By Adriana Barbat
Imagine you’re a resident: Your intern year is over, and you’ve just started your first year of anesthesia training. You’re in the operating room helping to manage a case alongside more experienced residents and attendings. This particular case is unusual, and your involvement would really benefit your training. It’s an incredible learning opportunity — until you’re pulled out of the operating room to attend a basic skills workshop.
This scene was a reality for UF CA-1 residents, or residents in their first year of clinical anesthesia, until this year. Responding to feedback from past CA-1 residents, the Education Office came together to plan a three-day workshop that would cover basic skills at the start of the residents’ paired period, during which a new CA-1 resident is paired with an upper-level resident, said Residency Coordinator Ricky McHugh.
Working with faculty, residents, fellows, and members of the Center for Safety, Simulation & Advanced Learning Technologies, the Education Office planned everything from the order of the sessions to the chocolate croissants served for breakfast. On May 8 at 7 a.m., the first Basic Skills Boot Camp began.
It was a resounding success.
“I thought it was an absolutely fantastic experience,” said Timothy Feldheim, MD, a CA-1 resident who participated in the May boot camp. “I loved all the educators that were involved; they were enthusiastic, they wanted to be there, they all had fantastic insight.” He said the curriculum offered a good balance of simulation, discussion, and lecture, exposing residents to realistic scenarios, both common and emergent. “It definitely gave you a little bit of security,” he said. “You feel a little more comfortable going into day 1.”
Previously, residents were entering the operating room and encountering these situations for the first time without having learned their basic skills, meaning basic skills lessons had less impact later on. On top of that, being pulled out of the OR for basic skills workshops meant they had to miss out on important educational opportunities.
“The fact that you just know that these days are your boot camp days, just the fact that you’ve had it done before you can go into the OR and that you’re not missing those types of opportunities, that this is your set curriculum — I think that that’s a positive,” Dr. Feldheim said.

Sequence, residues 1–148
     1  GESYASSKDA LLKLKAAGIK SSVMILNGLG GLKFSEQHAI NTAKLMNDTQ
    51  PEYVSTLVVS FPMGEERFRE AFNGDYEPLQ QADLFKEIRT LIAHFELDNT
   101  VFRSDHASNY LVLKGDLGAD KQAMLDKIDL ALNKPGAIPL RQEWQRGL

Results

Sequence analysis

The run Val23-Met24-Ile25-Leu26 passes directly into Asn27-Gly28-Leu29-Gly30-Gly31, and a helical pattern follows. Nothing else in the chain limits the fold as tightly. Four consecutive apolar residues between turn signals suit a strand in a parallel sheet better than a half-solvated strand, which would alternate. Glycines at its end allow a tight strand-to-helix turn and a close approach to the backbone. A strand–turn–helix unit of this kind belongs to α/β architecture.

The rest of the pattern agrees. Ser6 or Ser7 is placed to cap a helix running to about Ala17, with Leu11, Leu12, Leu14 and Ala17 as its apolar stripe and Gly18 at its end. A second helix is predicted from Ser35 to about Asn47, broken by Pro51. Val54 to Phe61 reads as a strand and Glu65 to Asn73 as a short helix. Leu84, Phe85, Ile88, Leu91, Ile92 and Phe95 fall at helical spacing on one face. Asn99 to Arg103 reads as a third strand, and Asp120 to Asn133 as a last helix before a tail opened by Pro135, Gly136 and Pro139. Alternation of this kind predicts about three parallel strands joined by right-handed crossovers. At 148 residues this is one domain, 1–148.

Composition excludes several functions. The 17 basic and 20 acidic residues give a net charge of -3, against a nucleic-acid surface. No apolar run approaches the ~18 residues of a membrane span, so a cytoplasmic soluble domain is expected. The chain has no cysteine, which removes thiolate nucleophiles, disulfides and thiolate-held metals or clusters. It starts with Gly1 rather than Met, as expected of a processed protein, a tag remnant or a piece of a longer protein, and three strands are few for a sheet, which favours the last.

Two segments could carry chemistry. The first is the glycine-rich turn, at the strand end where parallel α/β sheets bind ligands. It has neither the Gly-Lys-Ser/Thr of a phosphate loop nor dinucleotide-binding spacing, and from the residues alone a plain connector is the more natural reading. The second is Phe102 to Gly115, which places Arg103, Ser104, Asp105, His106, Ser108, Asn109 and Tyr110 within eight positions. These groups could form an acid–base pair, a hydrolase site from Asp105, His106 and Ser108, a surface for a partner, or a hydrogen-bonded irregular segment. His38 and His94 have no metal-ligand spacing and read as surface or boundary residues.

Over three days, the CA-1s were instructed in topics such as anesthesiology measures and checks, emergency medicine, airway management intubation and extubation, procedural practice, and TEE imaging.
“It was a lot to absorb in three days, but they all did really well,” McHugh said. “They stayed engaged.”
“That’s residency — you’re supposed to push yourself,” Dr. Feldheim said. “You’re supposed to be making yourself better. It’s not supposed to be easy.”
This year’s boot camp was held twice — once in May and once in June — to work around conflicts with other clinical obligations, but the next boot camp will be held only once, cutting in half the amount of work the Education Office will need to put into organizing it. McHugh said she doesn’t anticipate many changes to the curriculum. “We didn’t find anything that didn’t work,” she said. She emphasized that the boot camp would not have been a success without the efforts of the many people that went into planning it, including Resident Recruitment Coordinator Kelly Spaulding and Assistant Director of Education Administration Julie Veal. “This Education Office does so much more than people realize,” McHugh said. Yet despite all the hard work and planning that goes into organizing educational opportunities for residents, she said she looks forward to repeating the experience.
“Their enthusiasm is so infectious that you can’t help but enjoy going on this journey with them,” she said. “Any chance I get to spend with them, I soak it up.”